Formula E teams are fighting to shun the use of controversial driveshaft torque sensors next season as part of an FIA crackdown on teams potentially exploiting traction control in the championship.
The Race can reveal that the plans are being formed for the sensors to be made mandatory in season eight (2021/22) with teams expected to run them this summer in testing, ahead of optional use of them in season seven.
The sensors are contentious in some quarters within Formula E because of their expense and perceived difficulty in applying to cars and making them completely reliable.
Similar steps were introduced in the IndyCar Series back in 2012 but remained divisive over how torque was being applied and the accuracy on the sensor hardware that was used.
On that occasion, IndyCar used an antennae ring installed in the gearboxes of cars to measure the torque frequency from the input shaft and transmit it to the car’s engine control unit.
The management of torque through software has been used in Formula E for several seasons but only became a hot topic at the 2019 Hong Kong E-Prix when a large proportion of the on-track activity was held in damp and wet conditions.
Remarkably this was the first event in Formula E history that had featured any consistent wet running.
Several teams were exposed and showed poor pace because it is believed they had not implemented the specific software trickery that could control the torque of its cars on the greasy surface.
The FIA has since looked to combat the alleged circumnavigation of its strict no traction control regulation in Formula E with two key initiatives.
The first meant the governing body attempted to close down opportunities for teams to manage its traction by implementing a new rule that can detail the relationship between the throttle pedal and demanded from the battery so it can confirm the power demanded by the driver.
Teams supplied specific throttle pedal maps homologated by the FIA a week prior to the first race in Diriyah last November.
Article 3.1 of the 2019-20 technical regulations states that teams must have a throttle pedal map that includes the “power out of the RESS (Pedal, RPM) for each power level, to be declared using 16×16 matrix tables”.
Several penalties have been applied this season with teams going outside of their throttle map parameters. These have affected teams including BMW Andretti, NIO333 and Mercedes.
Now, the option of driveshaft torque sensors is close to being confirmed and could be finalised as early as Friday when the World Motorsport Council sits in Geneva.
The Race understands that some manufacturers already use similar torque sensor technology in private manufacturer testing.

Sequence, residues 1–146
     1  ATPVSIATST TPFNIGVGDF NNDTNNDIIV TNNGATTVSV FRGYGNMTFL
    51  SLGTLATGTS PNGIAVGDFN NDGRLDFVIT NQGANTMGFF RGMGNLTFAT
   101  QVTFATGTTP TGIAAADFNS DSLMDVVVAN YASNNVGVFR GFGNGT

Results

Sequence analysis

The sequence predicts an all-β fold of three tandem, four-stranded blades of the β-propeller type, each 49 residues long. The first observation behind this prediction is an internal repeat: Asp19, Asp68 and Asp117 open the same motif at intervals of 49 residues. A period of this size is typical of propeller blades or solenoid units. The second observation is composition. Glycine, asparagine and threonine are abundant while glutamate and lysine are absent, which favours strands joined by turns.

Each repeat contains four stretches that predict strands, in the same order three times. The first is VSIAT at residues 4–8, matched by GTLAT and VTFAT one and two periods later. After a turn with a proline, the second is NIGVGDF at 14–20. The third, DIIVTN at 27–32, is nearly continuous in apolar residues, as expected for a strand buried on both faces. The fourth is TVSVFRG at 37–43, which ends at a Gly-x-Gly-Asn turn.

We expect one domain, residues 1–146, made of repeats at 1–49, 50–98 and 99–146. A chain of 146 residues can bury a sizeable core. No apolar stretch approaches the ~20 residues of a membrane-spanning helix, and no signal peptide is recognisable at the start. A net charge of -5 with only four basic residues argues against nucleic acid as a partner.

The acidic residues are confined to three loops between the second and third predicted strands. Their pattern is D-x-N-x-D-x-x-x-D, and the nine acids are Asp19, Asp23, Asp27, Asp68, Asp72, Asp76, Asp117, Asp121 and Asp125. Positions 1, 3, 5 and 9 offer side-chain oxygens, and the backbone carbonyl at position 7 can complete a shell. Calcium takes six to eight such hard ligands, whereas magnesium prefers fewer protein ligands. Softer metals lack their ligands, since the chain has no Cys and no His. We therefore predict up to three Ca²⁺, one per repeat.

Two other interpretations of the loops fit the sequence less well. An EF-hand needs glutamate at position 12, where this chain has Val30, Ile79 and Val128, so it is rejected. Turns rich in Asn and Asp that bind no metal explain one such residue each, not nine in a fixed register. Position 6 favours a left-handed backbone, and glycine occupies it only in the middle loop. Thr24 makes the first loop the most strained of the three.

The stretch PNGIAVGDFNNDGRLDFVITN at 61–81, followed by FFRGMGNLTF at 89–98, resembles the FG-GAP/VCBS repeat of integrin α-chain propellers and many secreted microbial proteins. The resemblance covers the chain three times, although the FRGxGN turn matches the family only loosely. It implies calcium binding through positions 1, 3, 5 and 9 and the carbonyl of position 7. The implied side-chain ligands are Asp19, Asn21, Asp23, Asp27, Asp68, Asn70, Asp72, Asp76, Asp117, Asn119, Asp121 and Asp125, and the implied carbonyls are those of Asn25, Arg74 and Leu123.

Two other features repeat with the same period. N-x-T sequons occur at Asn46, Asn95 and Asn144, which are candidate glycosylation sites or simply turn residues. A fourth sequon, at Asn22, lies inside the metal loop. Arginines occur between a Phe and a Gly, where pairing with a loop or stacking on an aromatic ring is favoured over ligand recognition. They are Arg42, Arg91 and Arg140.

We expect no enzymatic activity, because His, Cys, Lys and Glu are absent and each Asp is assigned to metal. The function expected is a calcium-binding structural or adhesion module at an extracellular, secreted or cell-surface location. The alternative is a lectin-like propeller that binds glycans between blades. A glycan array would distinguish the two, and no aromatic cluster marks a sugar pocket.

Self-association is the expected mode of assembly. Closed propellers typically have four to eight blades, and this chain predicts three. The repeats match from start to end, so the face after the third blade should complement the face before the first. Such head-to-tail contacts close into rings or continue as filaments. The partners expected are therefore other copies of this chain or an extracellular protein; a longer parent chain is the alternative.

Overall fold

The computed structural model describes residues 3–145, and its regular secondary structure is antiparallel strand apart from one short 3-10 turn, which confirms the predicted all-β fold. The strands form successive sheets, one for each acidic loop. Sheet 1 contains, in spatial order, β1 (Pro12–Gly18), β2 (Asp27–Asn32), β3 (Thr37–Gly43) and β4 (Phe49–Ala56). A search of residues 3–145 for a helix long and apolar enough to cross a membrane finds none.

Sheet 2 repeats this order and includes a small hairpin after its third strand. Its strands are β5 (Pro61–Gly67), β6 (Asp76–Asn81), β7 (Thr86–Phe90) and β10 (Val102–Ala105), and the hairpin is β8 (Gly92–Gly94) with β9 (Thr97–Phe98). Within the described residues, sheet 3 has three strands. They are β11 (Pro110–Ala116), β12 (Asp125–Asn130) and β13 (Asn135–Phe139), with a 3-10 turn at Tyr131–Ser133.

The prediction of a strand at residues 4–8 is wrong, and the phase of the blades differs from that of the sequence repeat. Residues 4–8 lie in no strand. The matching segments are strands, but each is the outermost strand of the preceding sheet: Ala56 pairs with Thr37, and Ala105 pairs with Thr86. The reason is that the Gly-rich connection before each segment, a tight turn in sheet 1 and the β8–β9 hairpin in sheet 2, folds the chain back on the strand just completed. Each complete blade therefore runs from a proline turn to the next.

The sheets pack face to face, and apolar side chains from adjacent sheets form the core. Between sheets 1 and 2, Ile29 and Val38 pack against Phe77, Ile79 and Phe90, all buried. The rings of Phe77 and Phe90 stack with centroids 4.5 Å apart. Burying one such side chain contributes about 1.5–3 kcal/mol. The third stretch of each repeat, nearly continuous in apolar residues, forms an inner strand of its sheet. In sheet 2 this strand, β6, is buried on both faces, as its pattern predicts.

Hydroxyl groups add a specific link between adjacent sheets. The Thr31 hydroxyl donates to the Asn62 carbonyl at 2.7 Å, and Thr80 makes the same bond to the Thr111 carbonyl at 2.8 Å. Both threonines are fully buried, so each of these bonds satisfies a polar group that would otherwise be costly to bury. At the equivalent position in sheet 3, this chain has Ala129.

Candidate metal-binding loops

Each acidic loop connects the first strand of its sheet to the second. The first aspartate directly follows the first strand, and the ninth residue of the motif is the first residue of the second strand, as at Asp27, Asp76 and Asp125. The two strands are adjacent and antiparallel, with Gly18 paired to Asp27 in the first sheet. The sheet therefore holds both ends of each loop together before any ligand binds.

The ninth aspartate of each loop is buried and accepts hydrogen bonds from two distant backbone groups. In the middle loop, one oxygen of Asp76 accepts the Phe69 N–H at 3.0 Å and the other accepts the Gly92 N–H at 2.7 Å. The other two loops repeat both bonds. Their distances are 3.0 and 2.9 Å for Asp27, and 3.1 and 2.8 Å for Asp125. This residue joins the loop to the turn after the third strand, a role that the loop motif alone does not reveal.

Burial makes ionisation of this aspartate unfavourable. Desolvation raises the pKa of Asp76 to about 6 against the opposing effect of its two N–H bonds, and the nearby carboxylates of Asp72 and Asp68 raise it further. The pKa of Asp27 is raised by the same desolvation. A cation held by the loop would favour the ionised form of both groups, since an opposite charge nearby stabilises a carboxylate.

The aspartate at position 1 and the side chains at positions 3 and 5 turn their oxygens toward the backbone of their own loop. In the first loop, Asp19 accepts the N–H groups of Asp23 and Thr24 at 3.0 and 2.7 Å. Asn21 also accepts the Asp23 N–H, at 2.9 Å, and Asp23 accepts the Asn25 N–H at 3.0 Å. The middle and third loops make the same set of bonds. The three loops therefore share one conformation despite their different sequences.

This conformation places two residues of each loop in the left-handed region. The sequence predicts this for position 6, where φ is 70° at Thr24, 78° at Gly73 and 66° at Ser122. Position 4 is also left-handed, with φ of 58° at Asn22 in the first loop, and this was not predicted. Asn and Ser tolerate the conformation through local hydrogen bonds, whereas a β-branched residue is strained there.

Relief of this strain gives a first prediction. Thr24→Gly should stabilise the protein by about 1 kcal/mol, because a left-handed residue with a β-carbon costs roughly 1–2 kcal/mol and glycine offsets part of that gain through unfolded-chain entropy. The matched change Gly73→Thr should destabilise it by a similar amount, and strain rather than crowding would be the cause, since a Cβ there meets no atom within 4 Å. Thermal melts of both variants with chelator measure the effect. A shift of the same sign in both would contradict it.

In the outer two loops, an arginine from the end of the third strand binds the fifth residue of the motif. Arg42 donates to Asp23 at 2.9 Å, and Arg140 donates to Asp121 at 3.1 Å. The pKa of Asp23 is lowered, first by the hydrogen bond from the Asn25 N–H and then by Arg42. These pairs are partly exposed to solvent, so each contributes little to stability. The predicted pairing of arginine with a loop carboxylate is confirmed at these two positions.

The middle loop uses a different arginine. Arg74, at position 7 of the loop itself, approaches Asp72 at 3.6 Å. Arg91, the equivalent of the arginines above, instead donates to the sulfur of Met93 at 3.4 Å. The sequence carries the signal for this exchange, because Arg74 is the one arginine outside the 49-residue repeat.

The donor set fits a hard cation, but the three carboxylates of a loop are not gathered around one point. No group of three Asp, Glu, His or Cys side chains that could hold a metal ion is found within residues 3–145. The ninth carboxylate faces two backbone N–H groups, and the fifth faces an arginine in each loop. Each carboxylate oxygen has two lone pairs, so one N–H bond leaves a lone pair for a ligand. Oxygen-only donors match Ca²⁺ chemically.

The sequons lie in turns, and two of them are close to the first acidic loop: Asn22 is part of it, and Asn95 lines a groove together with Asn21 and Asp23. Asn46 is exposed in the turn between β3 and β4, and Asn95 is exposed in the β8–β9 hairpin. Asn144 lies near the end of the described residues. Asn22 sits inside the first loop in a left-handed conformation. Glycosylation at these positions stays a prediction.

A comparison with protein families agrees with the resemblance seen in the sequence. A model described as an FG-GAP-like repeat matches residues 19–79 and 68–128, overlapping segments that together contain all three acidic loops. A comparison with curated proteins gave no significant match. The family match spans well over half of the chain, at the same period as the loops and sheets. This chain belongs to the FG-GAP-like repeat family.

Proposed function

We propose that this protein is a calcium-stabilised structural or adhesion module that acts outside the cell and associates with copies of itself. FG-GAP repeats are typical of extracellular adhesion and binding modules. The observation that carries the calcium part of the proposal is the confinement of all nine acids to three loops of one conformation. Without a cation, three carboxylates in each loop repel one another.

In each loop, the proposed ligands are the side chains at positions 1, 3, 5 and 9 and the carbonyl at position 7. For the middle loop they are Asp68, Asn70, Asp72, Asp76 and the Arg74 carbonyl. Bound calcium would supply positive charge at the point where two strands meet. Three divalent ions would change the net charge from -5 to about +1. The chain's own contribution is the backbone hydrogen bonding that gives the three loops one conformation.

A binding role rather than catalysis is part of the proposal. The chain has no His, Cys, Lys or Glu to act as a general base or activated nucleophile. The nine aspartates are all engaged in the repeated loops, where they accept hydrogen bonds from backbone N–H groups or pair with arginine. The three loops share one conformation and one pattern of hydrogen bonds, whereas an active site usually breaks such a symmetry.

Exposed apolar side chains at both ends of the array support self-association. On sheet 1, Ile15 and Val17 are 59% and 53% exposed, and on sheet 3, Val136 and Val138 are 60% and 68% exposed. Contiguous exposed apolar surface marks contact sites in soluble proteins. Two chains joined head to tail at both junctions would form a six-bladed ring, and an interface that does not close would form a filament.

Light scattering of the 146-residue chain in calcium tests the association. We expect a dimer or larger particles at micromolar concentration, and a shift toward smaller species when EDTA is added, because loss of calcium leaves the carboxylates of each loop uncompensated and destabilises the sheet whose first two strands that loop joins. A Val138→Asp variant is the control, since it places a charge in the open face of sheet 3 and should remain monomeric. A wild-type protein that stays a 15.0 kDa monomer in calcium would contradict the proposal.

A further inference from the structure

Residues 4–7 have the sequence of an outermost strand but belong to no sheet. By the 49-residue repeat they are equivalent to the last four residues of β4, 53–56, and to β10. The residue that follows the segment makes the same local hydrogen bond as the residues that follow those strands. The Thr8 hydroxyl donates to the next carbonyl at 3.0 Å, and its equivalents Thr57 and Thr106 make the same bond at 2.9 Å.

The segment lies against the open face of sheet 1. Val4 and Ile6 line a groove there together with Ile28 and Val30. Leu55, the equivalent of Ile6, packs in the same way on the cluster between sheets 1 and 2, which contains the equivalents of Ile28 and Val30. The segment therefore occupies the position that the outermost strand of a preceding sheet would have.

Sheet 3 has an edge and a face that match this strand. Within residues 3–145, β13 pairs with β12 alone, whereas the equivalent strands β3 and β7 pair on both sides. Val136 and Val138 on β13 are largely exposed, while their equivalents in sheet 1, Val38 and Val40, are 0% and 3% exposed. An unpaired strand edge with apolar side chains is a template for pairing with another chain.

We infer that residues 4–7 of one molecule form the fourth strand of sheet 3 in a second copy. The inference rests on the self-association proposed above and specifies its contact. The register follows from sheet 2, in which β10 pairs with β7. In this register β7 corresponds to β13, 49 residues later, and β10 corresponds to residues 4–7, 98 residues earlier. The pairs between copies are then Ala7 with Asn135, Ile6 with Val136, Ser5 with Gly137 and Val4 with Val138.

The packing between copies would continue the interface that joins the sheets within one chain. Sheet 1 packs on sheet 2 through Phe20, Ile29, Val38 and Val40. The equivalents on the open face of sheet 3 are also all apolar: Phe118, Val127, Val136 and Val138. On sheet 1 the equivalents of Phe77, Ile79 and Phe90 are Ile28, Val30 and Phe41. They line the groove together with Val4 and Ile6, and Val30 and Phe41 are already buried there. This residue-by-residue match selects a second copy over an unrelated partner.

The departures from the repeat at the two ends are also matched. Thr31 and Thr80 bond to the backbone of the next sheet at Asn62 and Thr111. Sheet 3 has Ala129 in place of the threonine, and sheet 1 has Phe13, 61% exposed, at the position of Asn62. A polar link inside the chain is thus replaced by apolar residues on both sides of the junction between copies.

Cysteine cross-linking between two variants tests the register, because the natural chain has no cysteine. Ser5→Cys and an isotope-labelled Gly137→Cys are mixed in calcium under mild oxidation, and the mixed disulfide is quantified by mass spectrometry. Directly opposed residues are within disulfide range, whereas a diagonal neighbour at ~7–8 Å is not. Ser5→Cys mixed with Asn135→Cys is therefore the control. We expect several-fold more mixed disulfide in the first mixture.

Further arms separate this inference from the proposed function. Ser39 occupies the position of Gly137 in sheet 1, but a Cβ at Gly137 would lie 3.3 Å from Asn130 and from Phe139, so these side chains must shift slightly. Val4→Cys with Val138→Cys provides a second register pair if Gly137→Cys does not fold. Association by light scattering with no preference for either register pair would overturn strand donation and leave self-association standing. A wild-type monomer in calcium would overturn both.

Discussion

Speaking to The Race on the subject of the likely sensor implementation Nissan’s global motorsports director, Michael Carcamo, said that whether it becomes mandatory or not, the subject of mandatory torque sensors “can be looked at from two sides”.
“Technically yes there will be a cost because it’s a part that has additional expense,” Carcamo said.
“On the other side it could benefit teams that don’t have bigger development budgets and focus on the driveline capability.
“Everyone in this paddock will know cars suffer from oscillation, every powertrain does and in an electric powertrain, you can control that better, so if you had resources to learn and manage that, good.
“But if you didn’t have the resources, you wouldn’t. So I think it’s an opportunity to maybe level amongst the teams.
“So there’s a cost, but there could be a benefit as well.”
But some teams are kicking back against the cost of the sensors, which are believed to cost in the region of €8000 per sensor.
Recent discussions between the teams and the FIA have resulted in what one paddock insider described to The Race as “unacceptable levels of needless expenditure in a series which is supposed to be all about cost control”.
Audi’s Formula E project leader Tristan Summerscale told The Race he believes despite reservations on the cost and durability of the sensors that the likely season of optional usage in the next campaign will be key.
“They are expensive, yes, and there is concern about that. But we have been told they are more robust and accurate than ones that have been used in racing in the past,” said Summerscale.
“We have used them in LMP1 and on our test car. It is a good way of monitoring certain things but there is quite a high cost so introducing them optionally to get as much data as possible seems sensible if that is what will happen.”